Thursday, December 27, 2007

The Judicial and Bar Council: Secrets

Justice Secretary Raul Gonzalez may have inadvertently revealed some secrets of the Judicial and Bar Council (JBC), the constitutionally created body that short lists nominees for appointment to the judiciary. The Secretary of Justice sits as an Ex Officio Member of the JBC.

In a special issue of Newsbreak (Marites Dañguilan Vitug, Stacking the Court), Justice Secretary Raul Gonzalez explained his vote on filling a vacancy in the Supreme Court. He said:

“I voted for Reyes because he is senior and has the shortest time left in the judiciary,” Gonzalez said in a telephone interview in August. “I prefer short-term appointments. I don’t like people who plead for their appointment but when they get appointed, they turn against you. You never know what positions they take after they are appointed…. I’ve felt bitter about Supreme Court decisions lately.”

This brief quote provides a revealing look into the manner in which the JBC has been operating—at least from the Secretary's point of view.

Those of us who are not privy to the internal operations of the JBC assume the best. We assume that the JBC is performing the task for which it was created. We assume it is screening the most competent candidates to fill vacancies in the judiciary and submitting the names of the best candidates to the President for appointment. When stories about irregularities inn the JBC surface they are never substantiated and, therefore, disregarded as rumor. I think observers want to believe that the Supreme Court is now a stronger institution and no longer the rubber stamp that once helped sustain the dictatorship of Ferdinand Marcos.

Gonzalez' statement, however, disabuses the reader of such notions.

First, evidently, lobbying for appointments take place in the JBC. Nominees to the Supreme Court "plead" for their appointment. His statement could be read to mean that the selection process, and the members of the JBC are not insulated from personal lobbying from the nominees.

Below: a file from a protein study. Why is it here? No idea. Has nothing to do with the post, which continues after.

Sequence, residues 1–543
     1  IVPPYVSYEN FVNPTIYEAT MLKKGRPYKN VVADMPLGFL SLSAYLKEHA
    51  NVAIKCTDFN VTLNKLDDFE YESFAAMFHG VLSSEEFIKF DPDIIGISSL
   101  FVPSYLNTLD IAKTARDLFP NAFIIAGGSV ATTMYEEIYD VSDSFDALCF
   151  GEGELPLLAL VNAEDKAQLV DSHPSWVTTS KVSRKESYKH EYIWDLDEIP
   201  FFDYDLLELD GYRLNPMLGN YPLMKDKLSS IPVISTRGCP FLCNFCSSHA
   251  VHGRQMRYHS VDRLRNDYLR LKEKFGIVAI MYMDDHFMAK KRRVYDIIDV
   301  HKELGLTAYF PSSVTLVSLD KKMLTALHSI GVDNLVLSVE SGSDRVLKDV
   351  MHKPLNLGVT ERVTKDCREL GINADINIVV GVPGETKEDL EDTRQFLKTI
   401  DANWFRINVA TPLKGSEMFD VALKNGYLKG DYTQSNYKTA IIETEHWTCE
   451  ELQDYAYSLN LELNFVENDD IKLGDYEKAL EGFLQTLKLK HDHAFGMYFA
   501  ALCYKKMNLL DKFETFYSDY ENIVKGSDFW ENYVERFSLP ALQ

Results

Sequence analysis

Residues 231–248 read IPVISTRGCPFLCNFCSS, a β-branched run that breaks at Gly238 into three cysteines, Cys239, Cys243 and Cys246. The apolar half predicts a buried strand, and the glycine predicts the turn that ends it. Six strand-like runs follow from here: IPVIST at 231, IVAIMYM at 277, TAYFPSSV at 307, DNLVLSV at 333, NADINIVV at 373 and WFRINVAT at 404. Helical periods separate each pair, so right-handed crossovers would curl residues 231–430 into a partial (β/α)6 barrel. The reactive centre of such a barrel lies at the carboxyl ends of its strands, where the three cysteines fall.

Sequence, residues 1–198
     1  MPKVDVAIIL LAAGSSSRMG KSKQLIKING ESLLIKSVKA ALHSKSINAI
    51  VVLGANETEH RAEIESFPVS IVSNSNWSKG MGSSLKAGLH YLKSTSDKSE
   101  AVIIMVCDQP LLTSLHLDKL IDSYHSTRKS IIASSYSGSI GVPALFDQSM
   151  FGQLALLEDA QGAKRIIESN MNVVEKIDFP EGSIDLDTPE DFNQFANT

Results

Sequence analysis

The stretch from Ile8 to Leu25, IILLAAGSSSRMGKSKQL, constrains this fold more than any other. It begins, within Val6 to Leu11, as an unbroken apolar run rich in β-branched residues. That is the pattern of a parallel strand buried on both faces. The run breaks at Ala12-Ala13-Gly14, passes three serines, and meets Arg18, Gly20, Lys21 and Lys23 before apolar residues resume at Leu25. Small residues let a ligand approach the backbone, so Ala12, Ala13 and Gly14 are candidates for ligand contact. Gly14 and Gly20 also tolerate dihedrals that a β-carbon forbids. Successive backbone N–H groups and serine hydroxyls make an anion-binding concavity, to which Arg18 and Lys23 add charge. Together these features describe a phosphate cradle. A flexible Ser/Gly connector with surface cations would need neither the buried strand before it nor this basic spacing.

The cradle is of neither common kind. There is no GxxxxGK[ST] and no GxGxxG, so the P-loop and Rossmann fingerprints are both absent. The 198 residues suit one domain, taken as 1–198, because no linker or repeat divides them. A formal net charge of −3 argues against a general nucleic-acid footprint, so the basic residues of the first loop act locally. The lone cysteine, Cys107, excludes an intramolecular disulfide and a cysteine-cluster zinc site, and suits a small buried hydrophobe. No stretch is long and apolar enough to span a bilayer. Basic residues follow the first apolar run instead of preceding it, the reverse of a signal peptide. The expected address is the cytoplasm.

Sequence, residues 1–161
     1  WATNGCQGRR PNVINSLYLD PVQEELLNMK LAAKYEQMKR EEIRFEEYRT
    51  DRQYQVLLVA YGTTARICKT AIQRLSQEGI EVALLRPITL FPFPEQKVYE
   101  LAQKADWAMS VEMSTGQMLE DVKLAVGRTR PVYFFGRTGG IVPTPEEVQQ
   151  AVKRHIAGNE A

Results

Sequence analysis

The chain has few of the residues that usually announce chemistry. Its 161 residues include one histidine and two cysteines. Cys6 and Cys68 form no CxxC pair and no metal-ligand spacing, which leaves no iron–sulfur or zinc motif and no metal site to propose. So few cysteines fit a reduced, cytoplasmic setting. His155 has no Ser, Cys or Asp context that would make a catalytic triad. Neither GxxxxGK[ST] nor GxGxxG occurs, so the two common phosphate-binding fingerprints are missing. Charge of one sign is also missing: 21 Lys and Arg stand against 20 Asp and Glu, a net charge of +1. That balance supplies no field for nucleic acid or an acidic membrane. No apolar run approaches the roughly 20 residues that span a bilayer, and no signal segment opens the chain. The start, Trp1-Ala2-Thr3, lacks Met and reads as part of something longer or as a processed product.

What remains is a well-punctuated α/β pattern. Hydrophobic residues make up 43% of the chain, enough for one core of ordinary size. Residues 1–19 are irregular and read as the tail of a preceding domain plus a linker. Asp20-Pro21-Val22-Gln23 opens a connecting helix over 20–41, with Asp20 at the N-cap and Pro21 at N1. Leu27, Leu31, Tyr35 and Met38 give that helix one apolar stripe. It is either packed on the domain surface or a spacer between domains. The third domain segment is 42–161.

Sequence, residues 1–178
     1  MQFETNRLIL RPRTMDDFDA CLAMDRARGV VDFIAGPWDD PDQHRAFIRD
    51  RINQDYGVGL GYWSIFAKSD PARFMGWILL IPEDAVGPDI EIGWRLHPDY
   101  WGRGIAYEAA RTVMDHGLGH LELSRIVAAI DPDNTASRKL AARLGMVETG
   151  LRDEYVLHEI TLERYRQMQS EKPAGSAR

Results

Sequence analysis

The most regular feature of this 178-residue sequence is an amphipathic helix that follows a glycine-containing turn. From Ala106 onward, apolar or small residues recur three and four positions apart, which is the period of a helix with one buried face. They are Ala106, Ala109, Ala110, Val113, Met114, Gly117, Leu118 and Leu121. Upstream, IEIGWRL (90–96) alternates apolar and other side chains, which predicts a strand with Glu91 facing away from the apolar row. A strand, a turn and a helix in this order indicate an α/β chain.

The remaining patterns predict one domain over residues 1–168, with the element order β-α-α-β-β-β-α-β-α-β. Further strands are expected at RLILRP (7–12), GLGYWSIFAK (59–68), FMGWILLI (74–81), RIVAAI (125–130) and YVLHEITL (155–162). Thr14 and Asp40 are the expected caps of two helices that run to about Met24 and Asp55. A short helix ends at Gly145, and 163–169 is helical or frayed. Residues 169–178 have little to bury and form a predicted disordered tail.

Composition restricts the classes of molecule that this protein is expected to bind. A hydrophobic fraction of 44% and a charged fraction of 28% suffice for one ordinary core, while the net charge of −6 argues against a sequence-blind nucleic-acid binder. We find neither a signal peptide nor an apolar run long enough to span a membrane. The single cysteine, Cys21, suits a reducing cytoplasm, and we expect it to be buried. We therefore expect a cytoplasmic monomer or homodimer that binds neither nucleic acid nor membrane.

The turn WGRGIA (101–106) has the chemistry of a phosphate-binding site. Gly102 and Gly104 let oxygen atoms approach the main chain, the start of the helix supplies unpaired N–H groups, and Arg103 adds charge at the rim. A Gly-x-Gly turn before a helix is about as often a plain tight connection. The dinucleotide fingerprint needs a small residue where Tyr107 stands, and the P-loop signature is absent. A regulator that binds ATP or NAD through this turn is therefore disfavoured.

Second, considerations other than those expressly mentioned in the Constitution are factored in when votes are cast. The Constitution provides that "A Member of the Judiciary must be a person of proven competence, integrity, probity, and independence." Gonzalez's statement contradicts the Constitution's command. He seems more concerned with loyalty to the appointing power than with the independence of the appointee.

Third, the rapid turnover of the members of the Supreme Court may be the product of design. At least from Secretary Gonzalez's perspective, shorter tenures serve the administration's purposes. US President George W. Bush made only two appointments to the Supreme Court since he took office, to replace an Associate Justice who retired, and the Chief Justice who passed away. Gloria Macapagal-Arroyo this month made her 11th appointment. By the time her term ends in 2010, she would have appointed 14 of the 15 Justices of the High Court.

There is another piece in the Newsbreak issue that does not help things any. Aries Rufo wrote that:

The council is a bastion of secrecy. While it screens applicants and nominees to the judiciary and the Ombudsman, the JBC remains a fortress as far as information is concerned. The only instance that it provided data to journalists was when NEWSBREAK requested documents regarding the background of Supreme Court justice nominee Gregory Ong. Even then, the council gave us only Ong’s resumé and school records.

It is difficult to imagine what considerations impel the JBC to shroud itself in secrecy. It merely engenders distrust in the body which makes all its nominees suspect. The only reason why secrecy is warranted might be when the JBC is considering unqualified persons for appointment. Otherwise, the JBC could simply post all the data they have on its website the way all other government agencies do.

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